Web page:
GDPR – a self-experiment: What Internet companies know about you

The new European Basic Regulation on Data Protection has now been in force for some time. But have you ever tried to access your private data at large companies such as Amazon or Facebook? We made the self-experiment and requested our data from Google, Amazon, WhatsApp, Facebook, Instagram and Apple.

How can you view your data according to GDPR?

The EU Data Protection Regulation gives you the right to control what happens to your data and what data is stored about you. In principle, data may only be stored for as long as necessary and only data that is absolutely necessary should be collected.

As a consumer, you also have the right to have a copy of the data sent to you. The request can be made informally, by post or electronically. You do not need a template or sample. The company should then reply within one month. And it must be possible, among other things, to have this data deleted. More detailed information can be found, for example, on the following website:

Many large companies have ready-made forms for the request for data access, which should make it easier for the user. This is how it looks in practice:

  1. Google: Simply go to, enter your data and wait.
  2. Amazon: At Amazon, the path is more complicated. Under “Contact”, select “Other” as the reason and then the topic “Request data protection information”. And wait…
  3. WhatsApp: WhatsApp has an appropriate function directly in the app under “Settings”, “Account”, “Request account info”.
  4. Facebook: If you are logged in, under “Settings”, “General account settings” you will find the option “Download a copy of your Facebook data”.
  5. Instagram: Simply confirm your e-mail address at, then “Request download”. And wait…
  6. Apple: Log on to, select “Manage data and privacy” and then “Request copies of your data”.

Does that really work?

We dared to try it ourselves and requested the data from all the companies.

At Google we were positively surprised and the data was amazingly available for download within a few hours. Less positively we were surprised by the collecting frenzy of the Internet giant: We received thousands of pages with search terms. Incl. picture searches and searches in the map service. You get a location history and at least we wondered what was listed there. Very frightening are then purchases, which are listed: Hotel bookings, flights, purchases at Amazon and more. One wonders where all these data come from. And another little tip: don’t print out the data. There are really tons of data!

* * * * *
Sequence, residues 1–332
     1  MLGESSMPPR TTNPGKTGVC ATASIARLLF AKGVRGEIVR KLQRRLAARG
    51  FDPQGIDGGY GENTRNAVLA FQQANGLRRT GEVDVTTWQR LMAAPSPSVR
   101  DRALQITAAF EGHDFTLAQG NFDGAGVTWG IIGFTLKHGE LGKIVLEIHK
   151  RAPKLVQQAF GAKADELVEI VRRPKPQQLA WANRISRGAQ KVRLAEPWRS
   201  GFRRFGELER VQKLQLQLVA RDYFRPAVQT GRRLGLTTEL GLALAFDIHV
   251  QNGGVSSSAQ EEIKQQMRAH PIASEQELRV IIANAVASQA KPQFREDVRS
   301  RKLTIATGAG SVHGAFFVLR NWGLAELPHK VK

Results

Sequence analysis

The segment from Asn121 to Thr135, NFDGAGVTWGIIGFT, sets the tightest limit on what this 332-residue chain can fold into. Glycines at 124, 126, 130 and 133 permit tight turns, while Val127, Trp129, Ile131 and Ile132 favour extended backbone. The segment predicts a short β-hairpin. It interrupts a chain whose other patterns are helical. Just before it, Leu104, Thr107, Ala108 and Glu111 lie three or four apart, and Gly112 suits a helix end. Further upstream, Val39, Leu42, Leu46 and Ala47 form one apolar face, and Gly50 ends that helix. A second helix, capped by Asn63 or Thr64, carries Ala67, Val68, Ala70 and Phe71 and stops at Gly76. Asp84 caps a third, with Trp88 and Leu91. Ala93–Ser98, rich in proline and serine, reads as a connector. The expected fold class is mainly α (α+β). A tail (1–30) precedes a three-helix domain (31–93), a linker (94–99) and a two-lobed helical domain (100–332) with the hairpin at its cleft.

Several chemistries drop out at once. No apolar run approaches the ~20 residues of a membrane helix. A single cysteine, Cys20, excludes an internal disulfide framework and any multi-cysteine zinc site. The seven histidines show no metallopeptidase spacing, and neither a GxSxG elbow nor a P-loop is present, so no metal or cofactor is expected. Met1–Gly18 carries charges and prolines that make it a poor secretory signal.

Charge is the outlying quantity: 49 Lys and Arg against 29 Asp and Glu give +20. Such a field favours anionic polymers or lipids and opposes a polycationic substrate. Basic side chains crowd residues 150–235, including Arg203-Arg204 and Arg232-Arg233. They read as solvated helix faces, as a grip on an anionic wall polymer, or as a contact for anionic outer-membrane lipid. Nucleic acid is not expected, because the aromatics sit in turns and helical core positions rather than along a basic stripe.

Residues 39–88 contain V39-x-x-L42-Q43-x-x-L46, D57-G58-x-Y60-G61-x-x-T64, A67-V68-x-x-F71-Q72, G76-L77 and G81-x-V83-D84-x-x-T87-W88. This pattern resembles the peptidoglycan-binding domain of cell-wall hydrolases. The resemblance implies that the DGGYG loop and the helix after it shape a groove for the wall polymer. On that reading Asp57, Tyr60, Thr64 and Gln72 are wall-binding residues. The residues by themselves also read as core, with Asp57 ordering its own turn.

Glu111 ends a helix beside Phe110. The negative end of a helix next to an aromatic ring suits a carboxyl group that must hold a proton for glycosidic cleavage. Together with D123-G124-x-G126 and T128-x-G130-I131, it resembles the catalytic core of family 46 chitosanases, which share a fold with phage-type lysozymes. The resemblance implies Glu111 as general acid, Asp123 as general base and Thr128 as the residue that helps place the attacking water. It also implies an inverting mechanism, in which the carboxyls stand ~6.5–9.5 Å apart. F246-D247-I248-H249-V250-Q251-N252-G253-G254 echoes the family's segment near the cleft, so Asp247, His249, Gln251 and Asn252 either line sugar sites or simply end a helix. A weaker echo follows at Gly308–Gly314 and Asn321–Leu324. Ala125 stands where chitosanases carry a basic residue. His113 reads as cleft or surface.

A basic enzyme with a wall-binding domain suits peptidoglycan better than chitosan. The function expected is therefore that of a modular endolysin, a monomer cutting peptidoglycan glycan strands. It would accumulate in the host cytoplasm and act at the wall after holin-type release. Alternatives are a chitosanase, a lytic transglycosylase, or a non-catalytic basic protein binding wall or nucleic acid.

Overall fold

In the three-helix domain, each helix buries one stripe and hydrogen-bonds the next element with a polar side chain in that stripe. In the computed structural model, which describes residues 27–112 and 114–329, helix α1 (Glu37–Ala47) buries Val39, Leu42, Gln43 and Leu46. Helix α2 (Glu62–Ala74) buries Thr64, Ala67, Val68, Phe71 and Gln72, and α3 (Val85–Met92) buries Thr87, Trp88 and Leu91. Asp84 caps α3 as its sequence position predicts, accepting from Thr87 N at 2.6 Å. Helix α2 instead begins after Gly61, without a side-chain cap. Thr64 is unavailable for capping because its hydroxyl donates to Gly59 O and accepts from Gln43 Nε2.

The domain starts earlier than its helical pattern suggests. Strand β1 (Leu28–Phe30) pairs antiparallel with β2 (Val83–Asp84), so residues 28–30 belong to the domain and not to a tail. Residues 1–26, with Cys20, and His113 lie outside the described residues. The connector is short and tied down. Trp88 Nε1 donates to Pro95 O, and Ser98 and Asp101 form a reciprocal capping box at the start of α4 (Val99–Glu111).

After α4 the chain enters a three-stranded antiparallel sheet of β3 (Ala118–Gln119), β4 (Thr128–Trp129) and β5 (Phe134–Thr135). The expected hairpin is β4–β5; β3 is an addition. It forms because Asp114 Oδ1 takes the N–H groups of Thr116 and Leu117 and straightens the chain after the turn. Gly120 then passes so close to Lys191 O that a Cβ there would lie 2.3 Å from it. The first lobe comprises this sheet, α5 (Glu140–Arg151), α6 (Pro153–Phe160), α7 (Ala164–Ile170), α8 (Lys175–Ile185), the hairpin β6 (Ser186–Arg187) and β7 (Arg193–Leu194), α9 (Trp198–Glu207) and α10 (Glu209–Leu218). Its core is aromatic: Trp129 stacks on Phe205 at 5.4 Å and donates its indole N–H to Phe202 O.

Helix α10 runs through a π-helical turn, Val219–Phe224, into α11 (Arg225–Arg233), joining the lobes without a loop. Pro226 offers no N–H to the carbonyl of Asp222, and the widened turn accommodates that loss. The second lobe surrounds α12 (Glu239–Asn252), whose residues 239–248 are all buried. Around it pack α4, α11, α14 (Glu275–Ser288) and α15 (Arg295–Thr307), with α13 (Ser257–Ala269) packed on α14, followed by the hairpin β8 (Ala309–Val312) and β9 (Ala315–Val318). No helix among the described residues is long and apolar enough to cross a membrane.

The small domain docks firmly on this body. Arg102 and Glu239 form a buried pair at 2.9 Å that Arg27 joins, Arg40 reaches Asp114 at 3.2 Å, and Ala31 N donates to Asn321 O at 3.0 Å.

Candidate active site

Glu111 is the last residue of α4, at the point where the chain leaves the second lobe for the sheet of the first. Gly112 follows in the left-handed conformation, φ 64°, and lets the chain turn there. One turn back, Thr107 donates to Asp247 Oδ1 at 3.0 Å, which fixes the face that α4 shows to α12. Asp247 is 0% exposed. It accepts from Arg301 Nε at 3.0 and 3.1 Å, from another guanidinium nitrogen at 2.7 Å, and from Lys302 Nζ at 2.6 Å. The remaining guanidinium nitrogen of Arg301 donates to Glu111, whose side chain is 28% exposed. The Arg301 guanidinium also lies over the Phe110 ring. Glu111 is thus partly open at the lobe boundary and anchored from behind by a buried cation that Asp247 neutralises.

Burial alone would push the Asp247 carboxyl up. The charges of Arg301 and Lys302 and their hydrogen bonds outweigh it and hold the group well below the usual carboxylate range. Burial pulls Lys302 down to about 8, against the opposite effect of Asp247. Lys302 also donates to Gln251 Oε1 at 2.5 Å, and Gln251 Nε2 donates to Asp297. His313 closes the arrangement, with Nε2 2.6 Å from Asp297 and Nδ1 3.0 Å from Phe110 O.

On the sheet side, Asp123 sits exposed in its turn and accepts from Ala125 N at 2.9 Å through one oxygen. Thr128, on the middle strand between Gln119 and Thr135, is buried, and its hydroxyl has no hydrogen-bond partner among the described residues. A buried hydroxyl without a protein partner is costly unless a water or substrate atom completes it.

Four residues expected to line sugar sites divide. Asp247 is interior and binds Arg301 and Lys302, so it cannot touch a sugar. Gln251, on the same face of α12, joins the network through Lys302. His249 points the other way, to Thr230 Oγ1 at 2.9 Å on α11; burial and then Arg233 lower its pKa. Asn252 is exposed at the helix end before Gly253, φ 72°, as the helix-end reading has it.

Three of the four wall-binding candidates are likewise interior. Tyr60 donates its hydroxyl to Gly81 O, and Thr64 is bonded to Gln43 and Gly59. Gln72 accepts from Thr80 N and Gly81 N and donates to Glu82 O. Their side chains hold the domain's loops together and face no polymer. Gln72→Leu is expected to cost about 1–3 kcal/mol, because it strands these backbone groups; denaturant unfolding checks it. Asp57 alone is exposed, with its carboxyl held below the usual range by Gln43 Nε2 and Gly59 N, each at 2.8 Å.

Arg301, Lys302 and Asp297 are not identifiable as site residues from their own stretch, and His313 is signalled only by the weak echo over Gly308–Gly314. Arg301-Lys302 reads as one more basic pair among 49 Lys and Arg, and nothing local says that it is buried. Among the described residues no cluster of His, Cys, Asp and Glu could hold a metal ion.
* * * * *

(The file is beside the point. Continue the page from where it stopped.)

At Amazon, the process is more difficult. First you have to confirm by e-mail that you really want to make the request. Then more e-mails are exchanged and at some point there was an announcement that all data would be available “soon”. Some data can also be viewed online at Amazon directly & at any time, e.g. all stored data from Alexa or information on personalized advertising. For the more exciting things Amazon needed a little longer. In some boards you can read that these data are sent via USB stick. After about four weeks we received this data via download – but all information is only available for download for about 90 days. But the information itself is very impressive: all account information, the complete communication history, all previous orders, all returns, everything that has ever been read or played on registered Kindle devices. Interestingly, all search terms used have only been listed since 2017.

At WhatsApp you can download your personal data package after a few days. The data is surprisingly sparse: profile photo, your own number, the numbers of all contacts and the names of all chat groups you participate in. No chats, nothing.

On Facebook, the data can also be viewed within a few hours. All companies in the Facebook group are really exemplary in this respect. However, the collecting frenzy of Facebook itself is much more comprehensive than with WhatsApp and Instagram: It lists everything that Facebook believes might be of interest to the user. It also lists all uploaded photos, videos, news, and comments. In addition, every login to Facebook, with date, time and IP address. You get the uncomfortable feeling what would happen if someone would capture this data.

Instagram is also fast. After a few hours you get a file with all uploaded photos & videos, all searches, all your own comments and likes. Very exemplary.

Apple will send you an email with a download link after a few days. You get information about all the phones you’ve used so far, the Internet pages you’ve visited, the e-mail addresses you’ve written to, information about calls and various locations. There remains an uncomfortable feeling.

Conclusion: All companies react at least very quickly. At Amazon it took a little longer and we only got access to the data after a few weeks. Some data collected by Apple, Amazon, Facebook & Co. is at least doubtful. Why does Apple need all the email addresses and web page views it receives? How does Google get the shopping? One wonders what the reason is for companies to collect this data…

And a little tip at the end:

Enter only the data you really need on the Internet. And, if possible, switch off automatic data collection, e.g. of whereabouts.